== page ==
of elder trees that grew on the colourfully mis-named Piney Knoll.
Leaves still green but dry from the baking heat of summer rustled
overhead, and the grass was warm from the unrelenting kiss of the sun.
They stretched out their legs and watched the clouds in the east climb
into towers, blocking out the wan stars. Small flashes of red lighting
flickered inside them, and Frodo was telling a tale about how hobbits
had long believed that such lights were actually the breath of dragons.
He was chuckling, leaning back on the dry grass. His pipe was loaded
and unlit; the ground was so dry, he hesitated to strike a spark to
Sam listened to Frodo’s story, tales about dragons made his stomach go
all funny. He watched the sky nervously, knowing that if any dragon
did appear, they would doubtless find a naughty young hobbit tastier
than any other prey. He had a sudden urge to confess his pact with
Merry Brandybuck, and was on the verge of telling Frodo all, when a
sudden strong, cool wind came buffeting the trees, and a few drops of
moisture fell on their surprised faces.
"Looks like we may get that rain after all, Sam!" said Frodo, leaping
up and stuffing everything back into his pack. "We will never make it
to the Hill before this hits. Let us go into the Knoll. I know a dry
cave beneath a dead tree where we can shelter this out. Come on!"
The wind was pulling at them strongly, and the clouds were leaping
across the sky. The grey blanket overhead was becoming a strange shade
of greenish brown, and the stars had fled before the winds. Night
birds were noisy suddenly, and the raindrops became large and more
frequent. Just as they reached the cave, the sky opened and a great
deluge was released.
Frodo stripped off his coat and wrung it out, laughing. Sam had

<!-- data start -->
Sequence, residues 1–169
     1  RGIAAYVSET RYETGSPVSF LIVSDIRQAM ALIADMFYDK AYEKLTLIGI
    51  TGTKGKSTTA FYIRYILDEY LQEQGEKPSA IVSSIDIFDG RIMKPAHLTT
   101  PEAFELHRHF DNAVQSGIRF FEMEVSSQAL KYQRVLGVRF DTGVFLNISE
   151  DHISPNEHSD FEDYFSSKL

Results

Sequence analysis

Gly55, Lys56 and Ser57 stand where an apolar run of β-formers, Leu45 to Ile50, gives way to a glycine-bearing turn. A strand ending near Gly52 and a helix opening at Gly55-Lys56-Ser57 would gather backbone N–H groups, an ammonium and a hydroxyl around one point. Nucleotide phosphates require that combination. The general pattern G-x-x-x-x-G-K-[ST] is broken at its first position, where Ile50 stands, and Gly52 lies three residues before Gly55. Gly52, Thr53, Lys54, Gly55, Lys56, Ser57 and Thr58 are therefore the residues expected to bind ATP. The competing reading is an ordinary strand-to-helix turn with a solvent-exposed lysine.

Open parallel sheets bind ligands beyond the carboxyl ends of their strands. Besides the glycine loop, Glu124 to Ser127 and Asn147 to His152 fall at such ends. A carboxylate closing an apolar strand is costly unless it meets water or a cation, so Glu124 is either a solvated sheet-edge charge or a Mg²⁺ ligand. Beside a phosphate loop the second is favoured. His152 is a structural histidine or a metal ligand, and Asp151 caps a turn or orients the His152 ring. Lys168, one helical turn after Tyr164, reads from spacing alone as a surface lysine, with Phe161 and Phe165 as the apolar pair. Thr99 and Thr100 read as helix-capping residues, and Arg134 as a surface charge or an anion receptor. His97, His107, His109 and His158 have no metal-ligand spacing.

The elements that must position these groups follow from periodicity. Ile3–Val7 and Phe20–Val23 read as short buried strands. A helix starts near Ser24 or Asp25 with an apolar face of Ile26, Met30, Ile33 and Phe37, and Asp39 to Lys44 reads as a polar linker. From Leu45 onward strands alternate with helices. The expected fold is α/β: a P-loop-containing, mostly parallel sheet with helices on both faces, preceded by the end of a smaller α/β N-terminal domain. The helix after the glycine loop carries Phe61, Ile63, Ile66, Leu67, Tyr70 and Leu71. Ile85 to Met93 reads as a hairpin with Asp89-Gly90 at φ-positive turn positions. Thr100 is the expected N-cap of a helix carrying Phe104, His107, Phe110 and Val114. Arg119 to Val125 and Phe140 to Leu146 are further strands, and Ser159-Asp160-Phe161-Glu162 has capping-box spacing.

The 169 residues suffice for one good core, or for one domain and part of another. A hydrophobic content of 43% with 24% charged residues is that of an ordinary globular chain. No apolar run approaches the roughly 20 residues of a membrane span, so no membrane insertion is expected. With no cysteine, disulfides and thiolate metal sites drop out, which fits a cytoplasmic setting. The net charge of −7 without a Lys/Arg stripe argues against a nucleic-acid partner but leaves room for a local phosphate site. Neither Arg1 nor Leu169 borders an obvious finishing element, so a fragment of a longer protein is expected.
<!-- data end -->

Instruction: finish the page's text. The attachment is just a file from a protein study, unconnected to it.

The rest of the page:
unwound the bandages from his hands and discarded the stained, soggy
strips of cloth. He winced at every lightning stroke, and trembled at
the thunder that sounded so close.
"Don’t worry, Sam! This will blow over quickly, and we will be
dry as ever when we finally get home! How are your hands?"
Sam mumbled something, and sat down, depressed. He had to tell Frodo
what he had been doing. After a long minute, he said slowly, "Mr
Frodo, sir? May I ask you a question?"
"Of course, Sam." Frodo was striking a flint, trying to get his pipe lit.
Sam took the flint from him, and struck expertly, sending a fat spark
right into the tinder and setting the chip ablaze. Frodo praised him
and lit his pipe, puffing it into a bright cinder. He passed it to
Sam, who drew on it and passed it back. "Mr Frodo, do you get tired of
it, sir? All the folks pokin’ and pryin’ into you and Mr Bilbo’s
Frodo puffed thoughtfully before he answered, wondering what was really
going on inside his gardener’s curly-haired head. "I don’t think about
it much, Sam. What people think and what they do, I have no control
"Yes, sir." Sam was silent for a while, and they passed the pipe back
and forth for a few moments, listening to the rain. "Still, it must be
annoying to you to be talked about, when you hear of it, eh, sir?" He
wondered how he would bring himself to tell Mr Frodo everything, and
yet not break his promise to Master Merry. A miserable position for an
honest young hobbit!
Frodo shook his head, oblivious to the source Sam’s discomfort. He
decided that the gardener was merely nervous about the lighting and
rain, and was talking just to hear a voice. "When I think about it,
Sam, I guess I must interpret it as a great compliment! After all, if
folk are going to talk about my Uncle and me, then we must be fairly
important or interesting, and that is quite flattering. There is so
much to talk about, here in the Shire!" Frodo’s sarcasm was totally
lost on Samwise, who felt even more miserable now. He drew a breath
and was fighting to spit out the words, when he saw a glimmer through
the trees, and he gasped, grabbing Frodo’s arm. "Whazzat??"
Frodo sat up and looked, but he saw nothing. He chuckled again and lay
back. "Nothing, Sam! Just the leaves catching the light! Your eyes
are going funny on you, staring into the night!"
Sam ignored Frodo’s laugh, and he continued to stare into the trees. A
fair face framed with long silver hair wreathed in leaves was staring
back at him, or seemed to be. When he blinked with the next flash of
lighting, the vision was gone, but for a lingering luminescence under
This sight struck Sam dumb, and even if he could have found the words
inside himself to tell Frodo that he and Merry had been conspiring to
read Bilbo’s book, he could never have said so here, where an Elf might
overhear. He sat and watched the rain fall, and Frodo finished his
pipe and began to sing a song that made the drip from the leaves and
the crackle of thunder sound like music that was crafted around the
words. The two hobbits waited for the storm to pass, and the smoke
from Frodo’s pipe hung in the air, a sweet scent mingled with the